Reuters reports that Central European countries are struggling to fill the labour gap left by Ukrainians who have gone home to fight the Russian invasion launched in February.
The news outlet spoke to 14 company executives, recruiters, industry bodies, and economists in Poland and the Czech Republic who told its reporters that the departure of Ukrainian workers was causing rising costs and delays in fulfilling manufacturing orders and completing construction work.
In recent years, Ukrainians have been lured to countries such as Poland and the Czech Republic by job openings, eased visa requirements, and higher wages than Ukraine can offer. Reuters reports that before the Russian invasion, Ukrainians were the largest group of foreign workers in Central Europe. Poland and the Czech Republic hosted Ukrainian workforces of approximately 600,000 and 200,000 respectively, according to industry trade groups. Between March and June 2022, the Czech Republic was expecting over 1,000 Ukrainian workers to fill jobs in the automotive, logistics, and manufacturing sectors. Now they aren’t coming, leaving the companies expecting them in a labour lurch.
“If this cannot be resolved quickly and opportunities for recruiting foreign candidates are not strengthened, it will have major implications, especially for manufacturing companies,” Gabriela Hrbackova, Hofmann Personal’s managing director in the Czech Republic, told Reuters. “Companies lack hundreds of employees for positions of production operators, qualified manufacturing positions such as welders, (machine) operators, metal workers and forklift drivers.
Hungary, too, felt the loss. It started hiring truckers from India earlier this year to provide needed drivers for its strong pan-European trucking industry. In fact, everywhere in Europe, the trucker shortage has been deepened by losing Ukrainian truck drivers to the war.
In these manual-labour intensive industries, the lack of workers directly affects production and profits.
Wieslaw Nowak, chief executive of Polish tram and railway line builder ZUE Group, told Reuters one of its sub-contractors recently failed to complete work related to laying tracks because nearly all of its 30 Ukrainian workers had left.
“Many companies are looking for employees on a massive scale at various construction sites due to large outflows,” he further explained. “It certainly affects the cost and pace of work because if someone loses several dozen employees at the same time rebuilding a team takes far more than a matter of a few days.”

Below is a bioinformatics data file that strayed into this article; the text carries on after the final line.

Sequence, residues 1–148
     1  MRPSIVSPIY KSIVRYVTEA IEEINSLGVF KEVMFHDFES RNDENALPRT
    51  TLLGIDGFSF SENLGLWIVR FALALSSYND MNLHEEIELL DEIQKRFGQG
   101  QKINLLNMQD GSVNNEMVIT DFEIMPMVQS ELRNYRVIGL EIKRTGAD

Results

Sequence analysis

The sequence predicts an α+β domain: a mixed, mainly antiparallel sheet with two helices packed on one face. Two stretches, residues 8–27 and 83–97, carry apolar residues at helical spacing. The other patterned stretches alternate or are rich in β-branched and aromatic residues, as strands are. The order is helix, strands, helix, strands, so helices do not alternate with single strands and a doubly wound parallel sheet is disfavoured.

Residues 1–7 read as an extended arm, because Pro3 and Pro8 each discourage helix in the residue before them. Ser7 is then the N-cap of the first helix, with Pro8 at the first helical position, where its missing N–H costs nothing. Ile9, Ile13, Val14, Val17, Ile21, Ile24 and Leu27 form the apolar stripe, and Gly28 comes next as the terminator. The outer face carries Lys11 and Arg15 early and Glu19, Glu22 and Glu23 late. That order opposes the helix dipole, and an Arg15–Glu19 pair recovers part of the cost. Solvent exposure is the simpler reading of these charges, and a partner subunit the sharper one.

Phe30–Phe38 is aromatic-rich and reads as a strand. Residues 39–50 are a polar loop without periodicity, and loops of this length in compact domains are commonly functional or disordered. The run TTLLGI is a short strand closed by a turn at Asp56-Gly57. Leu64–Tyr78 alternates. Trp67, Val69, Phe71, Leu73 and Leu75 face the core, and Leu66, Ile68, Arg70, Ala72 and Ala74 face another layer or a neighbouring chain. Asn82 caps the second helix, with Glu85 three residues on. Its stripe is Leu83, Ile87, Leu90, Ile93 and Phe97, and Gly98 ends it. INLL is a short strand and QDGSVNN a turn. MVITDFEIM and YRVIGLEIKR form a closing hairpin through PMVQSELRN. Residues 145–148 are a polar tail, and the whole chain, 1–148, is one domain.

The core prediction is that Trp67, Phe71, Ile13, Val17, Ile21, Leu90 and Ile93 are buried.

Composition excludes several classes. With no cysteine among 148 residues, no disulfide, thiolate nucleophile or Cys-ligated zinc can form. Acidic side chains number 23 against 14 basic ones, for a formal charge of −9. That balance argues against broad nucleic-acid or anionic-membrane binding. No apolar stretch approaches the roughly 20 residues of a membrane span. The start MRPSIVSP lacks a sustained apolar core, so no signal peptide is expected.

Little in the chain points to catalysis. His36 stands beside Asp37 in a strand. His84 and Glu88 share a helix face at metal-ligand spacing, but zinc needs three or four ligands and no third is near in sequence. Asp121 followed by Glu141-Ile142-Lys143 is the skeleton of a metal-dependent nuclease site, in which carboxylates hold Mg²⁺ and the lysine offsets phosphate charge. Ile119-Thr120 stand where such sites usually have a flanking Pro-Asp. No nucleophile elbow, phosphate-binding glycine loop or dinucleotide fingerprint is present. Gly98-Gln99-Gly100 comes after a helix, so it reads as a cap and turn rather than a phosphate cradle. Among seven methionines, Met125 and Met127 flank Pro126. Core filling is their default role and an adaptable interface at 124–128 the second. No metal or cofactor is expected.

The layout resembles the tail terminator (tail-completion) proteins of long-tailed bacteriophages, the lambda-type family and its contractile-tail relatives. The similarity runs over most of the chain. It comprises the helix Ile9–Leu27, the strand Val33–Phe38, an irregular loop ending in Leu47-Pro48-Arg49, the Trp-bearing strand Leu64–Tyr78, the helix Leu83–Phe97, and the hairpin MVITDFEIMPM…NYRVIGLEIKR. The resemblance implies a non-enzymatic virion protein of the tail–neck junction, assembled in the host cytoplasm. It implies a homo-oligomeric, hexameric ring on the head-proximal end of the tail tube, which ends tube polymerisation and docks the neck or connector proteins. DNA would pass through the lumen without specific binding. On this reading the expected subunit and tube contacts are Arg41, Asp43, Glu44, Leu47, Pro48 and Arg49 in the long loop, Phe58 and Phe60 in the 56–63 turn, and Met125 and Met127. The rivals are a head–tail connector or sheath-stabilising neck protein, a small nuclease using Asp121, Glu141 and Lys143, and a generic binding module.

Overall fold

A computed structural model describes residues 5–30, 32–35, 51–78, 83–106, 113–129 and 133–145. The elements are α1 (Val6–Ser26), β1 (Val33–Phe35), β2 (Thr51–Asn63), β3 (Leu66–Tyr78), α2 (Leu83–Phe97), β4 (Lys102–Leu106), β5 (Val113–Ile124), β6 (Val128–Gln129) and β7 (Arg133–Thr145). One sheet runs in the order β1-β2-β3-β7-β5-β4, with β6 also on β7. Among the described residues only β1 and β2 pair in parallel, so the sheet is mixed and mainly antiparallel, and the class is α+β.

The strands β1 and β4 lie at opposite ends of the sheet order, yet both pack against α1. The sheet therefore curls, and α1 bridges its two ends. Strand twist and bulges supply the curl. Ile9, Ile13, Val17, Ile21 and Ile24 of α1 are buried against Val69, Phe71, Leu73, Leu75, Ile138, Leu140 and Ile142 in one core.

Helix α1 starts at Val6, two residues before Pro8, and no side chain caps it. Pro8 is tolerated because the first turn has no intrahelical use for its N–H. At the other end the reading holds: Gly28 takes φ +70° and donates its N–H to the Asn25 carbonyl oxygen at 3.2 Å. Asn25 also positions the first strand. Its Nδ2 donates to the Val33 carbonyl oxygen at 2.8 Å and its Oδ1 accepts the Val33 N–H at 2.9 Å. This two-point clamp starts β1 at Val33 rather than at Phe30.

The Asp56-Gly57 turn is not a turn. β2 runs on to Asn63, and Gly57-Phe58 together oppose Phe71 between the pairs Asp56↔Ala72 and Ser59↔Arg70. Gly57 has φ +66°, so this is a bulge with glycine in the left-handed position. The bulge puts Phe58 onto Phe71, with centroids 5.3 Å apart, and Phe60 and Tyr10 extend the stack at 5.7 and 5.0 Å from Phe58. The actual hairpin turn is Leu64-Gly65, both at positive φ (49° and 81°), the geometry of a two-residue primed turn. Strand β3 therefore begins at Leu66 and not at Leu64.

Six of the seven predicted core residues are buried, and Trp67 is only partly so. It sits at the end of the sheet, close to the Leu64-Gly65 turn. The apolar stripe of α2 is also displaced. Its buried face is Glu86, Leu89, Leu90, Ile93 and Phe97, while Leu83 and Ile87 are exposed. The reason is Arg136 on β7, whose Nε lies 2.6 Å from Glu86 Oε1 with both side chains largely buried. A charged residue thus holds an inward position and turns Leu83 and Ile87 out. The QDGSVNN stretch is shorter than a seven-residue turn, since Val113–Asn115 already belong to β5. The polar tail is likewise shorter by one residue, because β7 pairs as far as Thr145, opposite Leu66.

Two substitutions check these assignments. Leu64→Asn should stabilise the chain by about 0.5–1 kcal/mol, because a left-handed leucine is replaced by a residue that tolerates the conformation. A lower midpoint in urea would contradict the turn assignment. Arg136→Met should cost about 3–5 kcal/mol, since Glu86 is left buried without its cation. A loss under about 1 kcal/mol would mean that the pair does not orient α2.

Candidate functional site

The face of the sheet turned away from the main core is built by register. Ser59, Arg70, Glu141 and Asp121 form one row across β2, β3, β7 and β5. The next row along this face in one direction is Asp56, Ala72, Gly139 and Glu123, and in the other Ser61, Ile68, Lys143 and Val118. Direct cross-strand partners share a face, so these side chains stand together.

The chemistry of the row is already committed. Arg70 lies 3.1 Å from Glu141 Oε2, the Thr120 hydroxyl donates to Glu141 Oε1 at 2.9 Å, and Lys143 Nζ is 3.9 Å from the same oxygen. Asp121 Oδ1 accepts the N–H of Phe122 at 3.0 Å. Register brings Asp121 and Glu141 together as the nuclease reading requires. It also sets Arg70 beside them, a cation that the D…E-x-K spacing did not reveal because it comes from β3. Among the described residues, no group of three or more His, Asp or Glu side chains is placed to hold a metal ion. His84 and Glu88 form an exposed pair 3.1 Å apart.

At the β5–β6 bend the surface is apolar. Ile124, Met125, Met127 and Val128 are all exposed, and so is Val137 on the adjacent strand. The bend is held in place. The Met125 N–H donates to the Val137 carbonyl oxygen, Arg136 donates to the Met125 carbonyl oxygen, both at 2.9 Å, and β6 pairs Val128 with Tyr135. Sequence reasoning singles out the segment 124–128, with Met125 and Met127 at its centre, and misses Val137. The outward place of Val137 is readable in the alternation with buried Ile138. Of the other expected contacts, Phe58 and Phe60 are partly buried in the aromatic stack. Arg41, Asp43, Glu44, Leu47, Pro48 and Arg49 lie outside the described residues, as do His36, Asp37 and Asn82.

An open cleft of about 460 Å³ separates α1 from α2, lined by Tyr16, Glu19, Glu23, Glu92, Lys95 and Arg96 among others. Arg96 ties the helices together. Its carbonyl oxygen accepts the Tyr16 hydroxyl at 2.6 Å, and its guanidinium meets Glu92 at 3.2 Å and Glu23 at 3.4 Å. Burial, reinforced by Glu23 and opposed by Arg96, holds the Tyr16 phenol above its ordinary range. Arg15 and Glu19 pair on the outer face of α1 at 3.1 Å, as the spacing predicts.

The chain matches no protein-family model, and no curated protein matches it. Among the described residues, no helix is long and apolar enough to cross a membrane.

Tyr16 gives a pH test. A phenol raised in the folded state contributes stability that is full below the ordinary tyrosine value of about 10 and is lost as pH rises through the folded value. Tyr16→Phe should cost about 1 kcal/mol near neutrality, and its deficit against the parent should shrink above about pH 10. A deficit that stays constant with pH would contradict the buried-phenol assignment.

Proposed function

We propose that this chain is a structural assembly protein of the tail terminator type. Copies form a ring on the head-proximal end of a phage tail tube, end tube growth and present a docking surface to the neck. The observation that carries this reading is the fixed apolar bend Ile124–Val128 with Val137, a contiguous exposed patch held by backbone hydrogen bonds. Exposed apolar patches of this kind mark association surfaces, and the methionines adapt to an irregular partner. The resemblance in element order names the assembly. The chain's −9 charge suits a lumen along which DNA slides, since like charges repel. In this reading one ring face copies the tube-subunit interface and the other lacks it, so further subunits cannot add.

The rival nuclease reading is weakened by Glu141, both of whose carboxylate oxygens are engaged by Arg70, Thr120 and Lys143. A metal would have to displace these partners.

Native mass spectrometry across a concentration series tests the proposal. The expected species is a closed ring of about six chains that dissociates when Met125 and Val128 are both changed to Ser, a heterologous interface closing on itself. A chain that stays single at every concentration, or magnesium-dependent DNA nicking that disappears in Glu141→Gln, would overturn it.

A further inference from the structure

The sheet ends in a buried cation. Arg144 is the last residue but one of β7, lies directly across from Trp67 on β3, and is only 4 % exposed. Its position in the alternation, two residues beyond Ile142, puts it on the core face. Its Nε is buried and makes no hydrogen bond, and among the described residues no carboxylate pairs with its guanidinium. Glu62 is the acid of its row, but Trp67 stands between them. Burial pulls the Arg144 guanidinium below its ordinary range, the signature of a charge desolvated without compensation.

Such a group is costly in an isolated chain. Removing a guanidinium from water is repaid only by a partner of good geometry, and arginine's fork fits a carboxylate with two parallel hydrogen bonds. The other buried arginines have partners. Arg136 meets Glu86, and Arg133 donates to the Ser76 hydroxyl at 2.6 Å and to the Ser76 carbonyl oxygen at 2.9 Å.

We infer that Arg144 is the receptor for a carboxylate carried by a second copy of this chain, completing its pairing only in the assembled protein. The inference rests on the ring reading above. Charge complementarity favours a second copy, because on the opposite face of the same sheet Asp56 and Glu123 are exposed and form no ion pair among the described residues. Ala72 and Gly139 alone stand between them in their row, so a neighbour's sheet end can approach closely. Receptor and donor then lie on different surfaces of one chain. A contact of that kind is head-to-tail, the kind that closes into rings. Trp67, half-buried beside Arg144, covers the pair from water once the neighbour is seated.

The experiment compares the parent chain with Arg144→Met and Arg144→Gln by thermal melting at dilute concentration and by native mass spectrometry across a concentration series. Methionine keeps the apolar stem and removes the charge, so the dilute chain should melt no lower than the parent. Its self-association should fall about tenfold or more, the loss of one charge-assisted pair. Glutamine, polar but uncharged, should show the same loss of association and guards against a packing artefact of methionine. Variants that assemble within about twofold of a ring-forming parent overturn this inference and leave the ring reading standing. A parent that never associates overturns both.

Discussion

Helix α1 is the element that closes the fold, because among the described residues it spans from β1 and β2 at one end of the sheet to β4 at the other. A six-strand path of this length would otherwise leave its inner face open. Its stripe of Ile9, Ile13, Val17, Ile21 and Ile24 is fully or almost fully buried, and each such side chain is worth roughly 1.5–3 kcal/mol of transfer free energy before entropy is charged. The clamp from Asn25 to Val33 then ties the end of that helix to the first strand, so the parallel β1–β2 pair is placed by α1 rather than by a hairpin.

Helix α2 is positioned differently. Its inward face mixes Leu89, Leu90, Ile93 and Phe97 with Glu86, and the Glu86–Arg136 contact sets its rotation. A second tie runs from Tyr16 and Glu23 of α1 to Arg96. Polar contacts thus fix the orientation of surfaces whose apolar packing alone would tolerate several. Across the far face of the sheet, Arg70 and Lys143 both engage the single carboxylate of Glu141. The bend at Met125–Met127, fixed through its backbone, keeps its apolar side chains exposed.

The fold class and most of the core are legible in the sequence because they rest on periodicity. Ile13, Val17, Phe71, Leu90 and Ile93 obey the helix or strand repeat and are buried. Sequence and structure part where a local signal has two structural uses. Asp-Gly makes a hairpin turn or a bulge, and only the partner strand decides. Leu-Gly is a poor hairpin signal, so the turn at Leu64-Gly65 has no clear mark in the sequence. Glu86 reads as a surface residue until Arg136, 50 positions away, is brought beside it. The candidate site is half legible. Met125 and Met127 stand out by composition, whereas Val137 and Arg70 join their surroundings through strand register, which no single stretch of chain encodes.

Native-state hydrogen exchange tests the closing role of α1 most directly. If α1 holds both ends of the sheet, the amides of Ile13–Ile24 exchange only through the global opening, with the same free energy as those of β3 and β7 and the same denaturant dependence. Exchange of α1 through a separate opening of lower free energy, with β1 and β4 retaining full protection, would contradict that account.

Fewer Men, More Women
While male workers have been leaving Central Europe, women and children from Ukraine have been entering in droves, fleeing bombs and destruction. But not all the positions left open by Ukrainian men leaving the country are easily filled by the Ukrainian women entering. Many of the jobs are physically demanding and there are limits on the weight women are allowed to lift, for example. Women refugees do not necessarily have the training that their male counterparts did either.
To cope, companies are having to rethink their hiring and operations practices. Some are shifting their remaining male workers to more physically demanding positions and hiring women into the less strenuous ones, including offering training and recruiting heavily among refugees.
Executives and trade groups told Reuters the impact of Ukrainian workers’ departures has been felt particularly hard in Central Europe because while Poland and the Czech Republic are two of the most industrialised economies in the EU, the region’s industry is less automated than in other countries.
Though companies are reacting creatively, the economic impact will still be felt.
In June, Poland’s inflation rate reached 15.5% and the National Bank of Poland predicted it would climb to 18.8% in 2023 while the economy slowed. Reuters also reports that the producer price index–a measure of inflation for businesses–hit nearly 25.6% in June in Poland and 28.5% in June in the Czech Republic.
Bridget Ryder is Spain-based writer. She has written on politics, environment, and culture for American and international publications. She holds degrees in Spanish and Catholic Studies.